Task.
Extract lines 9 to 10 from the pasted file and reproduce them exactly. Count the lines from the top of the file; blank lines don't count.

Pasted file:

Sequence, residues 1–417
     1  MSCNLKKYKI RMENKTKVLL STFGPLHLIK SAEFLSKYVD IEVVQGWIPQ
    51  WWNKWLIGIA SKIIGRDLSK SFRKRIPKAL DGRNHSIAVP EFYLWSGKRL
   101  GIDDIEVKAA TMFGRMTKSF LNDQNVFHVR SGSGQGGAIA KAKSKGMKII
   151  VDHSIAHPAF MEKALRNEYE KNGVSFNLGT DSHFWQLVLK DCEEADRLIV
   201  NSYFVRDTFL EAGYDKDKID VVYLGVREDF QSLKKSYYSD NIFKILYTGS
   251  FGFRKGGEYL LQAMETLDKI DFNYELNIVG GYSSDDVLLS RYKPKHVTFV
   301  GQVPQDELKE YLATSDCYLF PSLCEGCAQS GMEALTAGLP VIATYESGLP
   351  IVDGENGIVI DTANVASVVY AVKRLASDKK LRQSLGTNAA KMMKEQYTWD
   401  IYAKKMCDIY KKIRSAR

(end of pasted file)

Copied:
   351  IVDGENGIVI DTANVASVVY AVKRLASDKK LRQSLGTNAA KMMKEQYTWD
   401  IYAKKMCDIY KKIRSAR